War and flight: When children no longer want to live

Vova, a blond boy, kneads his fingers. More and more often he tears at his nails. “We need a short break,” said Alfia Dietmayer, a psychiatrist at Augsburg Pediatric Clinic Josefinum. “Otherwise we will have a massive problem. A tantrum may follow.”

Nail plucking is a kind of tic, often Vova will pull until the nails bleed. The boy is autistic. His mother now pulls a clipper out of his pocket and starts cutting his son’s nails. That Vova is sitting at the table during doctor Dietmayer’s consultation is a step forward for the family.

After fleeing Ukraine: A week in a state of anxiety

The week after fleeing the Kiev area, he just sat under a table instead of sitting at it. And that for days his doctor reports: “He was in this state of anxiety for almost a week, he wanted to hide because everything was simply unknown to him and no longer known.” The worst case scenario for an autistic child.

The team led by Alfia Dietmayer and chief physician Thomasz Jarczok is trying to help children like Vova, who were already mentally debilitated before the war – knowing that many more refugee children with wounded souls now live with us. Chief Physician Jarczok can only assess how high the number of unreported cases is. “But it’s definitely hugely loud.”

Every fourth child is affected

According to studies, every fourth child suffers from war and displacement in the long run. And to an extent that is daunting even for experts. Guido Terlinden can be reached via Zoom. Before moving to the “Refugio Munich” organization, the psychiatrist was part of the medical team at Josefinum in Augsburg.

Terlinden has been treating traumatized refugees for years. “It’s a little scary to see what it can do to a person. Yes, one almost has to say how it can ruin him. Even small children.”

Already in childhood suicidal thoughts

How severely the war in Ukraine traumatized children even surprised the psychiatrist: “We see very serious depressive states with enormous lethargy. And there are children who have strong suicidal thoughts at the age of eight, or who have already hurt themselves,” Terlinden continues. . He worked in a psychiatric emergency room for a long time, “but I do not remember ever seeing such sick children there.”

Parents also have symptoms of depression

Vova is now in her mother’s arms. The fingernails are cut. The parents take a deep breath for a moment: “We both have depressive symptoms,” says the father, who was a musician at a university before the war. “We are feeling bad and therefore our son is feeling worse. He always asks when we can go home again, he had a lot of people who liked him and who he was in contact with.”

Traumatic situations and experiences

The experience is so stressful for Vova that he started wetting at night again. Vova’s doctor has started a form of emergency treatment, which includes medication. “It is extremely important for very young children that they can play,” adds Terlinden. “Even if they are playing war, you should let them play first. It can also be a way for a small child to process it.”

Bomb attacks or the sight of disfigured corpses usually leave the worst emotional wounds. “But there are also other traumatic situations. For example, a child has witnessed a birth in a collective home,” says psychiatrist Terlinden. It can also be traumatic.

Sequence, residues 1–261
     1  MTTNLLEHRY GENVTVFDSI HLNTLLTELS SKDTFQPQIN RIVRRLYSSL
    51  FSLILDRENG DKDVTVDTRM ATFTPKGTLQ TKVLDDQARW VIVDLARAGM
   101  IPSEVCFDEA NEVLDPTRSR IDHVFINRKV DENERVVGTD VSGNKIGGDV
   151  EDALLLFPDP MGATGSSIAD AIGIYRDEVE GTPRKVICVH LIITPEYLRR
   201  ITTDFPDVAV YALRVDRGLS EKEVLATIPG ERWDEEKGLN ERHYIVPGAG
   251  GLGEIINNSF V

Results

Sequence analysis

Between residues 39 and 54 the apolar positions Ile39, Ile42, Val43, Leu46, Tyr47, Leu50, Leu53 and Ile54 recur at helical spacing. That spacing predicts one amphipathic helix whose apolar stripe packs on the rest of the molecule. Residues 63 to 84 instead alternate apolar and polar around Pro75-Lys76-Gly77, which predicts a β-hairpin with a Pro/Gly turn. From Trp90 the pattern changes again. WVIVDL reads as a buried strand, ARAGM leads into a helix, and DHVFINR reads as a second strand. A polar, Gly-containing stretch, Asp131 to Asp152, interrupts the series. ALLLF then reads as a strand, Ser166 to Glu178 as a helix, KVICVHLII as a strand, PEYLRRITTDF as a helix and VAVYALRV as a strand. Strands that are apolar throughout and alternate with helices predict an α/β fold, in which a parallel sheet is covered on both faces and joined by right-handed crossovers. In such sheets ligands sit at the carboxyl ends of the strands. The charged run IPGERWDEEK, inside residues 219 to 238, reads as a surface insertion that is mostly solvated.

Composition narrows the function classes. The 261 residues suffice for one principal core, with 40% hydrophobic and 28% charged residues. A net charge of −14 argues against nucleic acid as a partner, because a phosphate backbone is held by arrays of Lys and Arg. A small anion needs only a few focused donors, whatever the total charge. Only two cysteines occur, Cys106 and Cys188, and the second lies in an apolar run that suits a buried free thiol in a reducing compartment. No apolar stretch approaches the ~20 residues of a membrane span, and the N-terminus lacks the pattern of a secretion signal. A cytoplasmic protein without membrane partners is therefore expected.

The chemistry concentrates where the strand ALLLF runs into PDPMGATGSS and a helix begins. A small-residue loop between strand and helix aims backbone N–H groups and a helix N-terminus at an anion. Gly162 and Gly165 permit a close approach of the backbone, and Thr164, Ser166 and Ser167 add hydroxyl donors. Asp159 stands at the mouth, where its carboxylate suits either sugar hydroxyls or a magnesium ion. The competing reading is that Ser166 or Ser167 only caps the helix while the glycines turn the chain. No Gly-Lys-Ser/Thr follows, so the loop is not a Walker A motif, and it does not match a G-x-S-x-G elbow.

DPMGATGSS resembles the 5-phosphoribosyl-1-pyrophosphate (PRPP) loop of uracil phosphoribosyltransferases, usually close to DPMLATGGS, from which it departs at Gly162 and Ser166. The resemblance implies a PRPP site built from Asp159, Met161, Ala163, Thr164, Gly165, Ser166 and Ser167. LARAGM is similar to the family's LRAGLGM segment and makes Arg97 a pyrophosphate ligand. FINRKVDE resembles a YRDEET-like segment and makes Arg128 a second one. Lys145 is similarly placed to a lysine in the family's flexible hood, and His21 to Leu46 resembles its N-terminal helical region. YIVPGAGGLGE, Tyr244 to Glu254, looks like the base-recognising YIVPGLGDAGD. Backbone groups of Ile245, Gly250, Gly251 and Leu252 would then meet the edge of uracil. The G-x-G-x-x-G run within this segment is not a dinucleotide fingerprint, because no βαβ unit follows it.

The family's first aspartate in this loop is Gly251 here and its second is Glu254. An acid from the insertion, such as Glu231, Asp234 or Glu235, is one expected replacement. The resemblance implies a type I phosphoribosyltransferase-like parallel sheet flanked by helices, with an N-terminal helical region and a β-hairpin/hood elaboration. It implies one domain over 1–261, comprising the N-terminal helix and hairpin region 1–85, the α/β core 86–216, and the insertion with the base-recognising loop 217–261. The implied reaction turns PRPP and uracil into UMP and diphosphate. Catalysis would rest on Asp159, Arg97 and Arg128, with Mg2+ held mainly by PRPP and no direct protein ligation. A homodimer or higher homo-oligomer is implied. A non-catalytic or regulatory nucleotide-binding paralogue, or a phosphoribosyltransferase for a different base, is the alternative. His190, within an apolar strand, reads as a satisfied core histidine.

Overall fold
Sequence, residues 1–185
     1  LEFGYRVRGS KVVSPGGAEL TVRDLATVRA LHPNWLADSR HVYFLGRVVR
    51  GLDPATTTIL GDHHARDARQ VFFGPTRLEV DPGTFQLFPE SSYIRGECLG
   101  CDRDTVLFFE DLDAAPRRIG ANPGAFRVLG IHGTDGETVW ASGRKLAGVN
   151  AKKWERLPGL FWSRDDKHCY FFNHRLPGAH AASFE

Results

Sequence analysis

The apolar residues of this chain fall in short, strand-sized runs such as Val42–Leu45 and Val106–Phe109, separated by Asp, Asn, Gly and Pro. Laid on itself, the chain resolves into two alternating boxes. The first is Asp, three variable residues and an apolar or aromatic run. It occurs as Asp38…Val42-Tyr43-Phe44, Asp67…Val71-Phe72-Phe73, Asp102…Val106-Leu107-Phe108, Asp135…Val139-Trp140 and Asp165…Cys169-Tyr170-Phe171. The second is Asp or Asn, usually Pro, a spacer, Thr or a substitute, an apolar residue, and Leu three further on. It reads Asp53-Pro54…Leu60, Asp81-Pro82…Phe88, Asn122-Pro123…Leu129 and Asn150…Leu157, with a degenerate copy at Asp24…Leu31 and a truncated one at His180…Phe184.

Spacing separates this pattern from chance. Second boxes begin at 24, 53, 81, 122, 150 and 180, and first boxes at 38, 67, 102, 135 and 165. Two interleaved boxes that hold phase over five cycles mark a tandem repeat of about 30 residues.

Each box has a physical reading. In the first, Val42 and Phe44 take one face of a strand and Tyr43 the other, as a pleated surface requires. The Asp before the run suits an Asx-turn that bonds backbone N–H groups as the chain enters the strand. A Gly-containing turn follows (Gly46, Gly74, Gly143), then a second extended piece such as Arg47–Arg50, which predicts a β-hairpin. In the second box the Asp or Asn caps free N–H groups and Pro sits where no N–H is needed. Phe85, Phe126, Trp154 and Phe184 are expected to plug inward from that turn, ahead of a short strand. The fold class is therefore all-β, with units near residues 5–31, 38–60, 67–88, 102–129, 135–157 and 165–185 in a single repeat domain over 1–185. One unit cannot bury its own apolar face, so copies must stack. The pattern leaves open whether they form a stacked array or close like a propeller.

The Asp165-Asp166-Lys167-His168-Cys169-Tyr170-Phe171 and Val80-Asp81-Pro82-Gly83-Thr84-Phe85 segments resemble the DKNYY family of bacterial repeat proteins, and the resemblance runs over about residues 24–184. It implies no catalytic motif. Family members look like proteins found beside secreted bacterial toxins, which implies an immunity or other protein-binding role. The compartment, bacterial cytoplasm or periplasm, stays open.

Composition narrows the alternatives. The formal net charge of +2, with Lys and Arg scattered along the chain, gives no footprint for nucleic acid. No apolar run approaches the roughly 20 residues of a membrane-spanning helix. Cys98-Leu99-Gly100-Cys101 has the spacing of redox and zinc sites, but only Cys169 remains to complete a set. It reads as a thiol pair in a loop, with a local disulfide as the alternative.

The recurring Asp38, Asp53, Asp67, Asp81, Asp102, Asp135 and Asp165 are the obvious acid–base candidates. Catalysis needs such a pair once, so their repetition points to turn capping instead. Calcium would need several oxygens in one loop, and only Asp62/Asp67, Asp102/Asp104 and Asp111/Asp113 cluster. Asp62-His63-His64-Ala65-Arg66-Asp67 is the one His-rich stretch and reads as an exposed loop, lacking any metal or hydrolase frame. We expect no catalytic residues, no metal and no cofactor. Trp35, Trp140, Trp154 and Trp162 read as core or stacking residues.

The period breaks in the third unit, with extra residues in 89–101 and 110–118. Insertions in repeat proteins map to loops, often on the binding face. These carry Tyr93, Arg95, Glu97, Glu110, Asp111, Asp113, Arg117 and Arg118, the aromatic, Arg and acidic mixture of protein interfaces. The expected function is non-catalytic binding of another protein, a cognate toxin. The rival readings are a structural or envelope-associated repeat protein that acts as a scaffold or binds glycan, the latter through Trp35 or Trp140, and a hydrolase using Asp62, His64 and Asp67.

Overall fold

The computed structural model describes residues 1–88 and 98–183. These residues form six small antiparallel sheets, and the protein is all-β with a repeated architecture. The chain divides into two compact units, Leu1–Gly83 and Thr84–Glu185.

Quick help is essential

It is crucial to help the children quickly, to give them the opportunity to talk about what they have experienced. With each passing week, the risk of stress becoming permanent increases. Terlinden tries to give children and young people help with how to deal with nightmares or panic attacks. He explains to them where they are coming from and that they want to go again. It’s about relaxation and breathing techniques.

Many therapy offers in Ukraine

It is also positive that there were many offers of therapy in Ukraine after the first Russian attack in 2014. Ukraine is well positioned in terms of digitization so that these offers can still be used via online consultation hours.

Refugee children need structure and everyday life in Germany

In the end, however, the whole society is required, the trauma therapist emphasizes. The refugee children in Germany need everyday life, school or a place in a kindergarten. An apartment and maybe the chance to join a football club somewhere. In addition to medical care, this is crucial for the children to be able to process what they have experienced.

Observe the children’s behavior carefully

Terlinden advises parents of affected children to monitor the situation. “Anything that lasts longer than a week or two, if children recreate scenes over and over again or become afraid of noise – for example, a construction site – then parents should pay attention and seek help from the family doctor or a clinic,” says the psychiatrist. Terlinden. Fainting spells or aggressive behavior are also symptoms.

Waiting times for therapy are long

One big problem remains: it is difficult to get qualified medical care. Vova was lucky in the accident. He is trapped in Augsburg. But because of the pandemic, psychiatric clinics and practices are crowded. Waiting times can be weeks or months. Many refugee children will probably be left alone with their trauma until further notice.

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